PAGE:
Hydrophobic barriers and casting crayons

There’s a neat, short paper called ‘Rapid Prototyping of Paper-Based Microfluidics’ that says if you want to create hydrophobic barriers in porous paper cheaply and easily, you can do it with crayons (which they tactfully call ‘wax pens’). Porous paper, like filter paper, if often used in microfluidics to wick fluid from one place to another; it can also be used to filter out particulates in the fluid. To create channels in the paper for the fluids to follow, you often use a complicated manufacturing technique, like photolithography, or unpleasant chemicals, like soaking your paper in a polystyrene and toluene solution and then printing the barriers in toluene.

Or you can draw with crayons.

The trick is to bake the paper, after you’ve drawn on it, for about 2 minutes at 135 degrees Celsius (the paper gives more details on the numbers). This is easily achievable in something as simple as a microwave oven as it doesn’t need to be precise. The only problem you might encounter with baking it too long is that the paper might burn – but that’s an order of magnitude longer than it takes.

Why do you need to bake it? When you draw on the paper with the wax, the fluid can still be wicked beneath the surface. By baking it you slightly melt the wax into the paper, creating a complete hydrophobic barrier.

So crayons do this perfectly. China markers and another commercial ‘wax pens’ less so. But the problem with crayons is that they’re so big and imprecise and keep changing diameter as you use them. When you bake the wax it also is wicked through the paper slightly, so if you draw a 1mm line in crayon you’ll probably end up with a 1.5mm hydrophobic region. I wanted a thinner crayon.

Crayons melt at a pretty low temperature, so I started trying to mold the crayon into approx. the size of the lead that goes in mechanical pencils. I used the ends of needles for syringes, because I had them on hand, they were about the right dimension, they were metal, and very smooth.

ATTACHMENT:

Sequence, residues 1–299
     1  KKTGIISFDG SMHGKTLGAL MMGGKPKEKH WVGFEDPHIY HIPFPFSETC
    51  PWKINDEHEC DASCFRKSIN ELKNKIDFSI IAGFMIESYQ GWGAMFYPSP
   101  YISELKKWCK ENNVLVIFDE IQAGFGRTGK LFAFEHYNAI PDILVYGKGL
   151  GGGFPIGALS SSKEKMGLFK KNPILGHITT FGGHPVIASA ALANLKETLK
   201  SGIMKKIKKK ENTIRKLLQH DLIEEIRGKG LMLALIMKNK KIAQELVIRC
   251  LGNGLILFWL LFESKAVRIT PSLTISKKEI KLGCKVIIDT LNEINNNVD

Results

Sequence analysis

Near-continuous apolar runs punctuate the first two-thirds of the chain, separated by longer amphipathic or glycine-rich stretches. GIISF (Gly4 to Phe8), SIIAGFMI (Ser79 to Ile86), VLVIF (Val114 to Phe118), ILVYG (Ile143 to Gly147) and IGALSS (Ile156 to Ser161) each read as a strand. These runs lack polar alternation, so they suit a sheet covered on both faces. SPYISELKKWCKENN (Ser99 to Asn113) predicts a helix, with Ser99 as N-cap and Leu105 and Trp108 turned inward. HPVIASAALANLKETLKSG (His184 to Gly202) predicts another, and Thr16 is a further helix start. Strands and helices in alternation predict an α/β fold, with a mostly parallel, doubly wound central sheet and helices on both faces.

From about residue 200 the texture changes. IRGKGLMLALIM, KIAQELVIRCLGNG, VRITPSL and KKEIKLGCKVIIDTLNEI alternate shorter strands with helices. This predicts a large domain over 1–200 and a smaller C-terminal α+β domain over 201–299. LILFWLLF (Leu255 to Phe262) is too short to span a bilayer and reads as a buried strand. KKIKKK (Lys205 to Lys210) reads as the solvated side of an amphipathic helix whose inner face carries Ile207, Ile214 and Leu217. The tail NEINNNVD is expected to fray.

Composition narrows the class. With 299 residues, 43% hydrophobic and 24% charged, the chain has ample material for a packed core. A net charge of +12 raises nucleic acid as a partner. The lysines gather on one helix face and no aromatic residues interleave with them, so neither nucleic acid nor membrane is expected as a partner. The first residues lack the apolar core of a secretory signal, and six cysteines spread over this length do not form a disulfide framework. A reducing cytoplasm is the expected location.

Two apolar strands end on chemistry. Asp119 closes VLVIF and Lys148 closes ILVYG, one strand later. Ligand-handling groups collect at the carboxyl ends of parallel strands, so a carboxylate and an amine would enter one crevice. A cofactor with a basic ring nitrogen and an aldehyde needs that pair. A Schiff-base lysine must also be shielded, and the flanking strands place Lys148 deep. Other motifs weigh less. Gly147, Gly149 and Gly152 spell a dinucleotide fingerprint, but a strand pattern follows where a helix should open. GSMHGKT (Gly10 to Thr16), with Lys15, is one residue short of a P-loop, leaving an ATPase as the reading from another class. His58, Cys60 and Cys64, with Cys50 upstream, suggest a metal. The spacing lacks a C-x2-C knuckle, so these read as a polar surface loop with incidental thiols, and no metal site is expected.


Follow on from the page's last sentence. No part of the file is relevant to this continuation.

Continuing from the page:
Macro shot. Diameter of crayon cylinders is ~.75mm.

Zoomed out shot.

This actually worked okay, in that I managed to produce some crayon lead, but it had some serious problems:

The needles were too small to pour the melted wax into, (surface tension stopped it from entering the needle,) so I had to put small shavings on solid wax into a funnel above the needle and put the entire apparatus in the oven. This allowed the wax to melt into the needle slowly, overcoming the surface tension problems. However the melting temp. of the funnel (plastic) is not that far from the wax, so I accidentally melted the funnel a little a couple times. It also seemed like I wasn’t getting the most solid cylinder: they weren’t very strong and would break under the pressure necessary to use them as a drawing device. Finally, I didn’t have a great tool for ejecting the cylinders, which was a serious problem.

I decided to increase the size of the cylinder to get a hold on some of the structural problems and stop melting my funnels. After about .9mm, the next commercially available lead holder is 2mm, so I drilled as smooth of a 2mm hole as a I could in a piece of stock aluminum. This allowed me to make the “funnel” in the aluminum as well.

It worked okay, but the structural issues remained, plus now my hole wasn’t nearly as smooth (compared to the professionally manufactured medical needles) so despite a better ejection device (back side of the drill bit  — perfect size) I had the same problems with ejecting.

If I wanted to take this further, there are a number of things to try:

Make the mold out of something smoother, like teflon, which would also held the ejection process as it would release better.

Build an extruder. This has the benefit of being able to pressurize the wax, which I think would fix some of the structural problems.

Advertisements

Leave a Reply

Fill in your details below or click an icon to log in:

WordPress.com Logo

You are commenting using your WordPress.com account. Log Out / Change )

Twitter picture

You are commenting using your Twitter account. Log Out / Change )

Facebook photo

You are commenting using your Facebook account. Log Out / Change )

Google+ photo

You are commenting using your Google+ account. Log Out / Change )

Connecting to %s